‘We stand for ecologically healthy water – and CoRe can contribute to this.’
The modular set-up of CoRe also fits in perfectly with the vision WBL has of its wastewater infrastructure and technical treatment assets. Vonken: ‘Our area has billions of euros of wastewater infrastructure, both above and underground; and here, too, we are faced with the need for extensive overhauls. We started thinking about the replacement issue a few years ago, and we concluded that we wanted to operate in a far more flexible, future-proof and sustainable manner. This was the origin of the Verdygo® concept: a modular building philosophy, which resulted in standardised modules with equipment, usually built above-ground in standard containers and above-ground tanks. In this ‘plug and play’ philosophy, we can quite simply integrate CoRe for the treatment of (partial) wastewater streams – as soon as the installation is scaled up further to 20 or 50 m3 per hour. CoRe can provide a welcome addition to our treatment techniques, on the basis of which we of course continuously make choices depending on the costs, environmental impact and sustainability of the overall system.’
Research on wastewater
Now that the installation is running with wastewater, other research questions arise, for instance concerning how clean the water that CoRe ‘extracts’ from the waste stream is. Oesterholt: ‘We would like to show that this technique does actually remove organic micropollutants such as pharmaceutical residues, and also to know whether, and how many, small molecules such as ammonium come with the clean water. In this project we will not yet be testing which techniques could be used as subsequent steps in the treatment of the concentrated wastewater stream, but we do want to know how high the levels of certain concentrations can rise in the stream. If you know how much nitrogen, phosphorus or chemical oxygen demand occurs in the stream, you can determine whether you can for instance use digestion as a subsequent step, which allows you to generate much of the energy you need for the reverse osmosis in CoRe.’ Vonken adds: ‘And naturally we also want to know how stably and autonomously the installation can run, and how robust this technology is.’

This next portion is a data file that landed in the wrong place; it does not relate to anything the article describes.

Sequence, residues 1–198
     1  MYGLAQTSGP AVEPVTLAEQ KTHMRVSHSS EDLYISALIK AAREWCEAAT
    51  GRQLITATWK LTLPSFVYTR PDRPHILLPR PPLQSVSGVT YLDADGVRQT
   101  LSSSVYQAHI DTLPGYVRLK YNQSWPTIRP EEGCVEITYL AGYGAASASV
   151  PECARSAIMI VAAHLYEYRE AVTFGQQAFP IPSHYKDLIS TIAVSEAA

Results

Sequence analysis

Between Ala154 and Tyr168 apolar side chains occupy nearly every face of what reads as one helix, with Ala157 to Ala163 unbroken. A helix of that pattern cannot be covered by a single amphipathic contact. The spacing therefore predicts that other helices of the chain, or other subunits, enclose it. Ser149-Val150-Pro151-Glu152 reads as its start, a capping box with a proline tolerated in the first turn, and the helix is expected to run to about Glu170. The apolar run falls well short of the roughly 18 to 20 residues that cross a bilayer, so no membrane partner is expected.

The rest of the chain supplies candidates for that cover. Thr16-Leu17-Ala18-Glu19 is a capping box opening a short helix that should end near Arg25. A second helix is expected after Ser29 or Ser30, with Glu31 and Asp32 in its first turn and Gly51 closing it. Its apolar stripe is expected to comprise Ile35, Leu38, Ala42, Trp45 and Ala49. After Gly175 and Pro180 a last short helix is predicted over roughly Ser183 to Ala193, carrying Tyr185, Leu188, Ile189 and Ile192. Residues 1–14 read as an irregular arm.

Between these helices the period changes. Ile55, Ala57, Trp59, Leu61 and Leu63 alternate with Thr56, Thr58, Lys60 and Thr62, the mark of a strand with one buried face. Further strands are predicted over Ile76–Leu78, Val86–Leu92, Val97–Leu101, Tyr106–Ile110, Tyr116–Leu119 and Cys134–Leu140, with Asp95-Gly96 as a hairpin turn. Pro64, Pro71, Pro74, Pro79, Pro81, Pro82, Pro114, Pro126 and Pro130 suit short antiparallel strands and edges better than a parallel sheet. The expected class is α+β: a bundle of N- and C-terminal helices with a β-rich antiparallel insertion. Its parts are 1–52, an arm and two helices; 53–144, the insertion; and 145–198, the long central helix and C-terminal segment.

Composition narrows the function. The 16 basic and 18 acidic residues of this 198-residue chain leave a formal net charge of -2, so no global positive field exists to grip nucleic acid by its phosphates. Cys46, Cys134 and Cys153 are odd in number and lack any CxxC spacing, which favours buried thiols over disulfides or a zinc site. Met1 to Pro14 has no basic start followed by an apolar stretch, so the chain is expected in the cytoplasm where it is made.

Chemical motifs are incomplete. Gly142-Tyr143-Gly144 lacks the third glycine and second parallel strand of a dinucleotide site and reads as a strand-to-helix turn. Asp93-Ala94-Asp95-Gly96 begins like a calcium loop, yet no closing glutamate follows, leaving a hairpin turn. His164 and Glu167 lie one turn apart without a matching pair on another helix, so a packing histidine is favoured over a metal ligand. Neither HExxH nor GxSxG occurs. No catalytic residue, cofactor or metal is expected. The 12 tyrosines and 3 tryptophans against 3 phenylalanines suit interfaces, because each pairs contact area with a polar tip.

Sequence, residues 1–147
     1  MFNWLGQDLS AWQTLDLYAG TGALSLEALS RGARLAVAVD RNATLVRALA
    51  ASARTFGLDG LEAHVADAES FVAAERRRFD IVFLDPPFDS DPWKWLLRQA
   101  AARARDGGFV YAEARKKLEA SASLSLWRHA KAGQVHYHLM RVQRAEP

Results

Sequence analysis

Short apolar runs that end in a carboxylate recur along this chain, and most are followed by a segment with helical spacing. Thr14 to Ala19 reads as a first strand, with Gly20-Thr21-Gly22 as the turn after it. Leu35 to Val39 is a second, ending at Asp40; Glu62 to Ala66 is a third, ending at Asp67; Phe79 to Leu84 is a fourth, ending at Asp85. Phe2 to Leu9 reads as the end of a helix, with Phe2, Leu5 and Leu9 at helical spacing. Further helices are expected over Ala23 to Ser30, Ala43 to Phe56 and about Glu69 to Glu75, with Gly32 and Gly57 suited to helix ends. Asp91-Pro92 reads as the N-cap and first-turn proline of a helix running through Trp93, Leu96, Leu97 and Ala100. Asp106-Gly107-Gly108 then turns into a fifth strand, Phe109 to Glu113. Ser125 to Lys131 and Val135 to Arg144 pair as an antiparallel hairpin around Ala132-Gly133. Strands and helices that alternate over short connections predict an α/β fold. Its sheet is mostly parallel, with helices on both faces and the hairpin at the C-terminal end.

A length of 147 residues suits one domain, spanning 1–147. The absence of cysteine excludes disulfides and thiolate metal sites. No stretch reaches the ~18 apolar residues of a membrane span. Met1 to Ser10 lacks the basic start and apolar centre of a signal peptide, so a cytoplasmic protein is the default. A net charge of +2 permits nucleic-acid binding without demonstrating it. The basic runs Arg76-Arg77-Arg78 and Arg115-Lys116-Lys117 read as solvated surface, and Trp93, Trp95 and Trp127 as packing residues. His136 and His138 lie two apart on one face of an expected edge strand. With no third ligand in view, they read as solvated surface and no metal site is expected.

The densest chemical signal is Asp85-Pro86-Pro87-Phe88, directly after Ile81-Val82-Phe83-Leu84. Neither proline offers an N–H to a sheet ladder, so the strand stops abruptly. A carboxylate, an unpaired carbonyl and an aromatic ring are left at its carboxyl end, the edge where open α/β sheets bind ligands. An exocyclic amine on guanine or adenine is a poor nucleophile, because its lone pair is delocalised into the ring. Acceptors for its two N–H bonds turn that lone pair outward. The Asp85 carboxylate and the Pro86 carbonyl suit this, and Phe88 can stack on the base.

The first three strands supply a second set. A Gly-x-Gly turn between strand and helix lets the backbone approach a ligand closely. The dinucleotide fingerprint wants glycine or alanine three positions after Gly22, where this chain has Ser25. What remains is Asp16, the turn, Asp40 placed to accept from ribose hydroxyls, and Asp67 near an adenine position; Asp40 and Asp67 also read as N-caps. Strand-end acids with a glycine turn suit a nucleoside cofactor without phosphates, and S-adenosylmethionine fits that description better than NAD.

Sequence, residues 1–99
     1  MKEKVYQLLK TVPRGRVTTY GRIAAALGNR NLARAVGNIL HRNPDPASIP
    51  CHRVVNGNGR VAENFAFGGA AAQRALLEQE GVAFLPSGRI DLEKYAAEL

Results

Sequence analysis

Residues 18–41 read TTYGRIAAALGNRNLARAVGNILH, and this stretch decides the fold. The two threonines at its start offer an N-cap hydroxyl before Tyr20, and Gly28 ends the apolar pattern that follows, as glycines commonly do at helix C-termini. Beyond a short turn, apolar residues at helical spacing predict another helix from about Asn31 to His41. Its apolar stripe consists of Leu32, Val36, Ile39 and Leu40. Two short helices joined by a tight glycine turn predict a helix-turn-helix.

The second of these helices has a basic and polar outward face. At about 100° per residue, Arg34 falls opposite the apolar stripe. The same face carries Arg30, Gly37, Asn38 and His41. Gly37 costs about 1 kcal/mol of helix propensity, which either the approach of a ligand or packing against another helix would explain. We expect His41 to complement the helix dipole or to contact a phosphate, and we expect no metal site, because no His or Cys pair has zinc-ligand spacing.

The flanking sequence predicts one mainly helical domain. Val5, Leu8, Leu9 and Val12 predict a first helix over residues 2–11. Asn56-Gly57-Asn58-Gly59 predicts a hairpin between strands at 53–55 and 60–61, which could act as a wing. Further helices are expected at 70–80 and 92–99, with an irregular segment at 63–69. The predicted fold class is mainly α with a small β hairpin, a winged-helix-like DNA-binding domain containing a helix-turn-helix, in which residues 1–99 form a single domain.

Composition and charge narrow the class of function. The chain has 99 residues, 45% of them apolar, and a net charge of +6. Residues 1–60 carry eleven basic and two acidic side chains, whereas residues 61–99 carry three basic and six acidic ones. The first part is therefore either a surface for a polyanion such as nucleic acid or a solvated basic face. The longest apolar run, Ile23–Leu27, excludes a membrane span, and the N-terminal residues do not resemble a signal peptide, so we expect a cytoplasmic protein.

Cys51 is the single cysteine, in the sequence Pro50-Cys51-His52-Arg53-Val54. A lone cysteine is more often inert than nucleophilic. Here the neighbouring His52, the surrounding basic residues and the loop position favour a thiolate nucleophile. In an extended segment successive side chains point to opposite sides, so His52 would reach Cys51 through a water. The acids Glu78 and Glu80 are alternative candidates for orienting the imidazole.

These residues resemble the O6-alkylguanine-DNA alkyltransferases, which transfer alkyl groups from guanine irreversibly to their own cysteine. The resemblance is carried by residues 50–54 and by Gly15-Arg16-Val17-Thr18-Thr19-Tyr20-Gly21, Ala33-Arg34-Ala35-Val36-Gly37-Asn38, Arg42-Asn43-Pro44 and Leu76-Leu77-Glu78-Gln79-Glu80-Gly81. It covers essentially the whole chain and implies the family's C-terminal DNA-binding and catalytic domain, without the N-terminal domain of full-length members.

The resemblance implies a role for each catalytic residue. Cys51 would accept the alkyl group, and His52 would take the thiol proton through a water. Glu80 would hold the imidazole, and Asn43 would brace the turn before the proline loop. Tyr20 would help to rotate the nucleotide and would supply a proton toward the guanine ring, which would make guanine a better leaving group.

Vonken: ‘An endurance test provides valuable information, because you want to know about the impact for example of variations in temperature or wastewater composition. You also want to find out how well this process can be autonomously or remotely operated. WBL attaches a great deal of importance to innovation, and we see this pilot research as a sensible investment.’
After the completion of this TKI project, the pilot installation will return to KWR, and can be used in new research projects. Oesterholt: ‘CoRe can be perfectly well used for a wide variety of wastewater streams, including in industry, and we aim in the years ahead to further improve the technology because it is excellently suited for a circular economy.’
Source: TKI Water Technology